If you are a resident of one state and got a DUI in another state, know this - the Interstate Compact is a multi-state agreement between participating states to share information and reciprocate. It covers California administrative license suspension actions and DUI convictions in California.
If a holder of an out-of-state license has his or her driving privilege suspended or gets convicted of DUI in another state (California), the driver's home state can be notified. Your home state may honor and reciprocate - take action to suspend the driver's license of its resident.
If you do not have a California driver's license and even if you do not plan to ever drive again in California, it is critical to know that a suspension of your driving privilege in California may result in a suspension of your home state driver's license. No matter where you live, you probably want to avoid, if not at least minimize, any driver's license suspension action by the California Department of Motor Vehicles.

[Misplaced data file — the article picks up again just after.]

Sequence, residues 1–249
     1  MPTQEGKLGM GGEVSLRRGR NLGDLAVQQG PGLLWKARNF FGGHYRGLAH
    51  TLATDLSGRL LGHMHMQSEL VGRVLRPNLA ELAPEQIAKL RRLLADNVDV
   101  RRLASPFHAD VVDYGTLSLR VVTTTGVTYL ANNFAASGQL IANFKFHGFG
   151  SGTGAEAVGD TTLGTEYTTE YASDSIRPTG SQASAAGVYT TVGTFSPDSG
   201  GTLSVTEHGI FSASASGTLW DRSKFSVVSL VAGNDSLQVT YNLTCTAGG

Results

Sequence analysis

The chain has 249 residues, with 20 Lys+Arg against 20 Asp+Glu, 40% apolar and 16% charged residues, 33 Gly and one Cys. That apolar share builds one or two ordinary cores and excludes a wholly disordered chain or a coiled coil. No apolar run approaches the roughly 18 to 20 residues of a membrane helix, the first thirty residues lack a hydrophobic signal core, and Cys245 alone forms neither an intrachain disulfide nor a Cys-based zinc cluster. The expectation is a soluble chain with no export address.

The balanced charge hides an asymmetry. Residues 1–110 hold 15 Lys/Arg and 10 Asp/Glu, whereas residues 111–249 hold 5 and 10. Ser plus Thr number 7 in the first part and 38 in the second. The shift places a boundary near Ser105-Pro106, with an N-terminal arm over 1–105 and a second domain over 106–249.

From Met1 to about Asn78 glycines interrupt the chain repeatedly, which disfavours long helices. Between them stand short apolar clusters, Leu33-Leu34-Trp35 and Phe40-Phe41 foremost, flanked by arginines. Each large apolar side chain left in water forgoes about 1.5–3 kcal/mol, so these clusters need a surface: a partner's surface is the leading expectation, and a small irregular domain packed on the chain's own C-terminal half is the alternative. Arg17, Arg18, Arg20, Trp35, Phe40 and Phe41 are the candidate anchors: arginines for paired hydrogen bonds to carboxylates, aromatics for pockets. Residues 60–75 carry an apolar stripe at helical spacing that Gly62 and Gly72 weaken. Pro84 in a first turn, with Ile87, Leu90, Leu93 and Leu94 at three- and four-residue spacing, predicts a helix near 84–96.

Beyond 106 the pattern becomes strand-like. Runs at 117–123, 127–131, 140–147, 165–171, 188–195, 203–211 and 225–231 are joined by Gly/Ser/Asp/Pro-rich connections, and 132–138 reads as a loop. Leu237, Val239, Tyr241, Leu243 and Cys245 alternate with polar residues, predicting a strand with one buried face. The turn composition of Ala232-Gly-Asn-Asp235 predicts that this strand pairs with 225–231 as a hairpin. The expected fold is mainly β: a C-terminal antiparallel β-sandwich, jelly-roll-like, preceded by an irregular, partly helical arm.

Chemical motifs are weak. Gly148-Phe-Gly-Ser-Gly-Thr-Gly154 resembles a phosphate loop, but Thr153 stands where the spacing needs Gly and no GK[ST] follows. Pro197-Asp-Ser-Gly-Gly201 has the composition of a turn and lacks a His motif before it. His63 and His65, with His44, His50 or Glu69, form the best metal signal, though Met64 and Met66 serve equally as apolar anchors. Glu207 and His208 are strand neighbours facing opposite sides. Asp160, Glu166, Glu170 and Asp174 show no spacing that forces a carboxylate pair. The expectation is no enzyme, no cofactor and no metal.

Qestions about how the Interstate Compact Act may apply in your case? Contact a DUI/DMV specialist in your state. States vary in their respective actions. For instance, Michigan will sanction a Michigan resident for a non-Michigan conviction. While Michigan has not enacted legislation specifically adopting the Compact; it has done so administratively and statutorily by allowing the Secretary of State to consider convictions from out of state.